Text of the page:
Here's some basic results for those who might be interested in this process.
Using this graph:
jack_delay (out) -> pa_source -> ecasound -> pa_sink ->
system:playback -> analog cable -> system_capture -> jack_delay (in)
Running ecasound with this chain setup:
ecasound -f:32,2,48000 -b:64 -i alsa -o alsa
JACK is running with 48k/64/2 in realtime mode.
Gkrellm is running for quick reference to CPU load.
Dual core Intel(R) Core(TM)2 CPU T5600 @ 1.83GHz with 4GB DDR2 667.0 MHz
0 [Intel ]: HDA-Intel - HDA Intel
HDA Intel at 0xd2000000 irq 46
Granted this is not a modern PC system or even a professional grade sound
card but it is similar to modern mobile hardware which is my target
I see the following results:
With just jack, PA , jack_iodelay running I see CPU pegged at around 30%
on both cores.
With ecasound running but without connecting jack_iodelay to pulse_source
(in), I see CPU Load pegged at between 32% to 55%.
With jack_iodelay connected to pulse_source (in), I see CPU load hovering
around 40% to 65% and generally on the higher side.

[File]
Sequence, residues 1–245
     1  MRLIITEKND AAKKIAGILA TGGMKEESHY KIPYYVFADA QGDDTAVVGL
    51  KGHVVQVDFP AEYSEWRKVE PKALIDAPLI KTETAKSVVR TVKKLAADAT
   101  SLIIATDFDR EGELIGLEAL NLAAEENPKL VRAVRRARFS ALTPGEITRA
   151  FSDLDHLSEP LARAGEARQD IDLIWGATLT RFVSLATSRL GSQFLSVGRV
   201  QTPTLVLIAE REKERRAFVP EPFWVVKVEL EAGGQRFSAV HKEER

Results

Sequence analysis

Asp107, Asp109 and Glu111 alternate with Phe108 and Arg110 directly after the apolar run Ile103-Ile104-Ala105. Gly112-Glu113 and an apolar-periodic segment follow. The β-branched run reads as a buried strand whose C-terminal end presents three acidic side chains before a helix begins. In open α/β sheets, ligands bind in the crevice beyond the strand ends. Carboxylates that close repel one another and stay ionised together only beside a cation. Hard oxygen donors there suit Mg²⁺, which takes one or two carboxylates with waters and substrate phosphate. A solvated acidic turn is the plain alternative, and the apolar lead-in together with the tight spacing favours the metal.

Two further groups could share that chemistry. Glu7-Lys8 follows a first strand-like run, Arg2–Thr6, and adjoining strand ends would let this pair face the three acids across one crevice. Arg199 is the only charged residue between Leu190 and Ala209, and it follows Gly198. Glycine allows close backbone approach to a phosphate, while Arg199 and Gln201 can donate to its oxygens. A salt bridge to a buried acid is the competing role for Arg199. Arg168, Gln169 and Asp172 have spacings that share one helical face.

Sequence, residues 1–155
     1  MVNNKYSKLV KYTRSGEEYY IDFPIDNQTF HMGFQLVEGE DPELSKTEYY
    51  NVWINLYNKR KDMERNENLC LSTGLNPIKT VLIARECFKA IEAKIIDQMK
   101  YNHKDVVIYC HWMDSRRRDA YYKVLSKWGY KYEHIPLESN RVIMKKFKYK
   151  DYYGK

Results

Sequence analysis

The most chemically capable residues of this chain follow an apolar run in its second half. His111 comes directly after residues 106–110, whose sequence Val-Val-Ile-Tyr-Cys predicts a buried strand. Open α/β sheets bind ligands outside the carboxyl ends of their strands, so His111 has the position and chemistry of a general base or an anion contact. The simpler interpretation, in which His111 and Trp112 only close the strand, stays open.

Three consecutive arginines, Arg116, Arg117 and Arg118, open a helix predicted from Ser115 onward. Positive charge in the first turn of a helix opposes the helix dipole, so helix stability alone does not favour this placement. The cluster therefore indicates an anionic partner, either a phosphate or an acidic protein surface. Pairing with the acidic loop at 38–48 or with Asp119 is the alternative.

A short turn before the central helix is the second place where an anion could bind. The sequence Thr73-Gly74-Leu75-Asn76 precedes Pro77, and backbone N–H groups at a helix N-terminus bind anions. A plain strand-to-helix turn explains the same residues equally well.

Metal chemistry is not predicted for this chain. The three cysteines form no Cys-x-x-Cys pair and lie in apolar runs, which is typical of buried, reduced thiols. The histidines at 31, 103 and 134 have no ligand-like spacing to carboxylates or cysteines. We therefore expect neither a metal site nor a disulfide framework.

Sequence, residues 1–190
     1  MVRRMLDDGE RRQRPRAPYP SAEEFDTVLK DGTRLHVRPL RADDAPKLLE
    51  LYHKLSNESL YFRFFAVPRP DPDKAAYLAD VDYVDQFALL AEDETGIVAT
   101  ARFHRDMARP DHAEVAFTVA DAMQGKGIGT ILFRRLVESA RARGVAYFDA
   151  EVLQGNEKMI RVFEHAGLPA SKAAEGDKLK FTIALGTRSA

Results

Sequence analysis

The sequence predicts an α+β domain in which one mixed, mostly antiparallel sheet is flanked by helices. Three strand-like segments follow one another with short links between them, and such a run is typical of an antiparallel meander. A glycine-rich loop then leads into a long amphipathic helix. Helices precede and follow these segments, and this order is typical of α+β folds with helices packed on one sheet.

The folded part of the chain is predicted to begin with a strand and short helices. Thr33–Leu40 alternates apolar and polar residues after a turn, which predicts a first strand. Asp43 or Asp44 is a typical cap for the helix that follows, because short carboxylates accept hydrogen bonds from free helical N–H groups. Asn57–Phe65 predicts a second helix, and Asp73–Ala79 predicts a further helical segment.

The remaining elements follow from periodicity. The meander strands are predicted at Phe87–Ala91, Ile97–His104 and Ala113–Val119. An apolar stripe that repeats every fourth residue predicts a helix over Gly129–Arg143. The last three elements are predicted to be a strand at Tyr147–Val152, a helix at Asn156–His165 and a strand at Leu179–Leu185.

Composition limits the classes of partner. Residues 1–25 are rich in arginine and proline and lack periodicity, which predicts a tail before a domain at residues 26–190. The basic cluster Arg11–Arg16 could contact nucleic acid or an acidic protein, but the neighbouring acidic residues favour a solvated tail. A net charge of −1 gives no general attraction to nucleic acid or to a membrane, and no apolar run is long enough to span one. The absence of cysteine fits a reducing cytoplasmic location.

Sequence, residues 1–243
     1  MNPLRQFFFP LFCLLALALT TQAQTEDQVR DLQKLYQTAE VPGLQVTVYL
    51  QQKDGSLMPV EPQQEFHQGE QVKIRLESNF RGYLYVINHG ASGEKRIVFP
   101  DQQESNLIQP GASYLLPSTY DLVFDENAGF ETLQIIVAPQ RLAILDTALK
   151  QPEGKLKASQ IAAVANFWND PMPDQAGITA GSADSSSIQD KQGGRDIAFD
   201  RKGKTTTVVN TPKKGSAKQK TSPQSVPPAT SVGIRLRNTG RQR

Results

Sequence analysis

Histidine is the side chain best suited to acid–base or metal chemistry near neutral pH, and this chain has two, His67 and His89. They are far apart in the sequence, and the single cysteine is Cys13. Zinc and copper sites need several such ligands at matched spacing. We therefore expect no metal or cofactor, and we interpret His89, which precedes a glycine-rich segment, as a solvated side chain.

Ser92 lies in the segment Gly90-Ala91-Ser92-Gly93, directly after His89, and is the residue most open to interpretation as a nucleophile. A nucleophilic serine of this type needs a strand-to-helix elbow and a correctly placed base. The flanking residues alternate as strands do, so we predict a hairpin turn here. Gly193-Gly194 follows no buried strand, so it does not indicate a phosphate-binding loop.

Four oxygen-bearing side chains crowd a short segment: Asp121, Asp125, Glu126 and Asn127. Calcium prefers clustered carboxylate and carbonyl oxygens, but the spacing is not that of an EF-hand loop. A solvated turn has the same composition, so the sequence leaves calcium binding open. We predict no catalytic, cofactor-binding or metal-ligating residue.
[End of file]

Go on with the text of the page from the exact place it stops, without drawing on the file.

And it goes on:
- With a clean start from boot and no previous audio apps running at
initialisation of the connection between jack_delay and pa_source
After a second or two things start to go funny. The latency jumps up to
800 ms and then down to 140 ms up again to 480 ms down to 350 ms up to
1067 ms down to 670 ms... In other words it's all over the place.
Granted this is on a consumer grade audio device but a lot of mobile
devices have similar if not exactly the same chipset/driver.
I would like to trace the bottle neck but without running the whole graph
it might not be possible.
Maybe an app that incrementally adds to the signal tone and timestamps
against the summed frequency could be used to trace the location of the
Suggestions for other things that could be done to minimise the erratic
behaviour are also welcome. Maybe I am missing a crucial tweak to PA for
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